1. What is eminent domain, what are the debates concerning the use of it?
Eminent domain or the commons is the legal sanction of land for public use. In recent years, the proliferation of policies in support of public-private partnerships (PPP) ascribing new meaning to investment and private developer role in governance has restated the meaning of subsidies and tax revenues as secondary tier investment in the planning, construction and maintenance of public lands and buildings intended for public use. The support for eminent domain is that governance of public lands is intended to serve the public good as infrastructure or citizen resource. Counter arguments claim that disabuse of eminent domain laws is common, is generally done by government representatives and large budget corporate or institutional partners in the interest of deep pockets capitalization.
2. How did Kelo vs. New London affect the debate?
When the pharmaceutical giant Pfizer built its plant adjacent to Fort Trumbull in 1998, the controversy over eminent domain in respect to gross negligence and chemical pollution of a residential neighborhood resulted in the City transferring private property to the New London Development Corporation (NLDC). The transference of private property to government control is an example of the negative enforcement of eminent domain. The flip-side to public use protections, the NLDC became a counter target for resident, Kelo et al. in a lawsuit that was appealed to the U.S. Supreme Court, where in 2005, the court decided that public use was in fact constitutional, and secured New London’s right to the property under the Fifth Amendment. The result to the decision is approximately $80 million in losses of taxpayer dollars, and an abandoned economic development plan. Citizen activism stemming from the case led to organized defeat of similar projects in the U.S., where public-private partnerships “sought to abuse eminent domain for private development” (Institute for Justice nd.).
3. How was eminent domain being used in the neighborhood near Columbia? Do you agree with Columbia or the property owner? Explain why.
The lawsuits surrounding Columbia University’s collusion with the Empire State Development Corporation (ESDC), “a quasi-public entity empowered by the state of New York to seize private property via eminent domain” (Root 2009), shows the power of University and other lead institutions to abuse eminent domain based on a policy of “blight” (Root 2009). In my opinion, the case reveals that elite public institutions like Columbia work actively on behalf of political interests; evading public review and community accountability.
4. How does Florida law view eminent domain?
5. What happened in New Jersey as a result of eminent domain?
Hackensack, New Jersey’s Planning Board designated privately owned land as “area[s] in need of redevelopment” under the rule of eminent domain. In this action the City attempted to condemn and seize the properties for public use (Tuccille 2013). In this case, the owners of the property sued the City, which was followed by an appeal. The courts determined that the City of Hackensack and its Planning Board had unlawfully seized the property; deeming the argument of “blight” as inappropriate. The result to this case was the removal of Hackensack’s City Council from office.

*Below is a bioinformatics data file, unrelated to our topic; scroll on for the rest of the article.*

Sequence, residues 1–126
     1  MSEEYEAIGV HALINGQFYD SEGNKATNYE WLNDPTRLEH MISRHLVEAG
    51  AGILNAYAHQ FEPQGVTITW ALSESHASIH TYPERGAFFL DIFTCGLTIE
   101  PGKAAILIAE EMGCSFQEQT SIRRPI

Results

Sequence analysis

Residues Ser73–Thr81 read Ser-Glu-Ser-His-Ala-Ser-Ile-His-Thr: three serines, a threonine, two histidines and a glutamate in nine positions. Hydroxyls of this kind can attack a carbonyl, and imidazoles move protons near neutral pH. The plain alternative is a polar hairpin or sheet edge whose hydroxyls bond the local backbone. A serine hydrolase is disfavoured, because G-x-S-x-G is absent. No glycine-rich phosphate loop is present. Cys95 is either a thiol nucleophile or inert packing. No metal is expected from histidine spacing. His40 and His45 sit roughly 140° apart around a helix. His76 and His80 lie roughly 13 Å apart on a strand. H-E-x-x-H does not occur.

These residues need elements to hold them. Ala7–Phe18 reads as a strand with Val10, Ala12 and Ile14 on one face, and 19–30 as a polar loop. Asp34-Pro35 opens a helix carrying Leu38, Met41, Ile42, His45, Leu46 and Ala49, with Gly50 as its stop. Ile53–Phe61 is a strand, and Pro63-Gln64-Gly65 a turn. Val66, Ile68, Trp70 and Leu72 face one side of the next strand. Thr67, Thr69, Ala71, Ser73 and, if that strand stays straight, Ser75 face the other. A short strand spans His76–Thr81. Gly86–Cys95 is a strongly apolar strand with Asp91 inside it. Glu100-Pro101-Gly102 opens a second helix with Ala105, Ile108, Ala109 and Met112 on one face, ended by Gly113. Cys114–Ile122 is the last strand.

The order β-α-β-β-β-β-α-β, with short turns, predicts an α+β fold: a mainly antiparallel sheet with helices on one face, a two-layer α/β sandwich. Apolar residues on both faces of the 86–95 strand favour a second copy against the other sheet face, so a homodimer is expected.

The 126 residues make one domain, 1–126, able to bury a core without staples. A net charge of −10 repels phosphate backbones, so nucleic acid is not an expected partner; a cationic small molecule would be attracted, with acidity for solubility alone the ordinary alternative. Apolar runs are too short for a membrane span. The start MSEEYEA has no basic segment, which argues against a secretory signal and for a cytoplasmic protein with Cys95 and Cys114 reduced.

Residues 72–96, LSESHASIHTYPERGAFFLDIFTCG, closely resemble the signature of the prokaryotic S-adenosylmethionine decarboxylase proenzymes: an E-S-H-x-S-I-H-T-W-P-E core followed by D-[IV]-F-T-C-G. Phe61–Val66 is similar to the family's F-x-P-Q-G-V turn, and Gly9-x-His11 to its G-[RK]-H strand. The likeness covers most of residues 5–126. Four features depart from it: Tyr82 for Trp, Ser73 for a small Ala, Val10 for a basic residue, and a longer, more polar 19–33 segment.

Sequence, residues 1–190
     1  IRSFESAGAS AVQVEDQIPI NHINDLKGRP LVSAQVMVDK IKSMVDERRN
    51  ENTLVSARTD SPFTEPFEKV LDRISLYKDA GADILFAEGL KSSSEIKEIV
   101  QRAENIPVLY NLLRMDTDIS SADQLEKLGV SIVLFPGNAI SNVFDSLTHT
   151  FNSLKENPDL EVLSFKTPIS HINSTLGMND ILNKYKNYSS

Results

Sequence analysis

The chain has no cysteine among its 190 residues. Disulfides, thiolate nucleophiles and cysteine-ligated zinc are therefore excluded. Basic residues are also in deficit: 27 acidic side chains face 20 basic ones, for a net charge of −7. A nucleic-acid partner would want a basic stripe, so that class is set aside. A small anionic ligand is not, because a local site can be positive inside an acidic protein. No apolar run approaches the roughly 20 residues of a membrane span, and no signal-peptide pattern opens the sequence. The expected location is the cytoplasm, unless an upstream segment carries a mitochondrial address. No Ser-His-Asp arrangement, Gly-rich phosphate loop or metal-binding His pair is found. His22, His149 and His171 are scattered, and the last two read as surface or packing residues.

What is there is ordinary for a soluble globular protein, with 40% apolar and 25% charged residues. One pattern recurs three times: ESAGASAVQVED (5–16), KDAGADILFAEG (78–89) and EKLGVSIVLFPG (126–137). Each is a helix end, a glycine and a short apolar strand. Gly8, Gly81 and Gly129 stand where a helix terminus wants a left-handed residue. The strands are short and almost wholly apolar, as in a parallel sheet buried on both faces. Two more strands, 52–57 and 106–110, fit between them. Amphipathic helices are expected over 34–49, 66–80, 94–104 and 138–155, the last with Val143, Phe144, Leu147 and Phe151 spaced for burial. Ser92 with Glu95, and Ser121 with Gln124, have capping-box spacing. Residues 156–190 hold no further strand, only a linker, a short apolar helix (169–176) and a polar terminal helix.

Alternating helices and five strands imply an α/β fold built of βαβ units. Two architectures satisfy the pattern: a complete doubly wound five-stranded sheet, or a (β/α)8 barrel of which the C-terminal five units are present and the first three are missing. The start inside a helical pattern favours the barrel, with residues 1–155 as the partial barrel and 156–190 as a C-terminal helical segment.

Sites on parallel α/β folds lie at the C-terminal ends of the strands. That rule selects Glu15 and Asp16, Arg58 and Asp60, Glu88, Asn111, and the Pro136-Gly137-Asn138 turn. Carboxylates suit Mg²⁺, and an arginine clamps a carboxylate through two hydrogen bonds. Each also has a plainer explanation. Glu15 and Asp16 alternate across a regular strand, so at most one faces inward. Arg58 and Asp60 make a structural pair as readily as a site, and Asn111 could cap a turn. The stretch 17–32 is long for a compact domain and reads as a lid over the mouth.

6. What is the situation is National City and how does it involve eminent domain? What was the end result in the video to the club?
In National City, California, neighborhood advocacy for retention of a community athletic centre serving underserved minority youth in is demolished and replaced by a luxury condominium complex (Reason.com 2007). Counter to the constitutional ideal of eminent domain, the developer decision illustrates how private investment without participatory budgeting may lead to reduction of the commons as a right of public choice to that of independent ownership. The end result: the community athletic club was closed, demolished and replaced by investment property condominium units designed for maximum capitalization on behalf of the developer and business partners.
7. How do you think eminent domain should be used or not used?
The establishment of eminent domain is a precept to democratic right to shared commons within constitutional laws and in legislative policy as promoted in common law customary practice is the territorial assertion of public choice over individual ownership. How well eminent domain is understood as a principle rather than mere transfer of land title has much to do with general public education on the meaning of public use as a common good. Where no introduction to public use as an ideal and shared right exists, the denigration of participatory decision and sufficient dialogue between private investors, governance and the public may result. When lawful conveyances begin to appear as illegal collusion it is a signal that eminent domain law has been abused by state powers in cooperation with dirty private interests. Eminent domain must be applied responsibly, with thorough oversight by a watch committee to avoid corruption by the state or major institutional partner. Upon reduction of the social compact to the will of one creates conflict over resources and waste control generally ensue.
Kelo v. New London:Lawsuit Challenging Eminent Domain Abuse in New London, Connecticut’, nd. Institute for Justice. Available at: http://www.ij.org/kelo
‘National City’, 2007. Reason.com. Available at: http://reason.com/reasontv/2007/11/15/national-city
Root, Damon W., 2009. ‘There Goes the Neighborhood’. Reason.com. Available at:http://reason.com/archives/2009/02/09/there-goes-the-neighborhood
Tuccille, JD, 2013. ‘Attempted Land Grab Ends With Voters Booting Entire City Council’. Reason.com. Available at: http://reason.com/blog/2013/06/13/attempted-land-grab-ends-with-voters-boo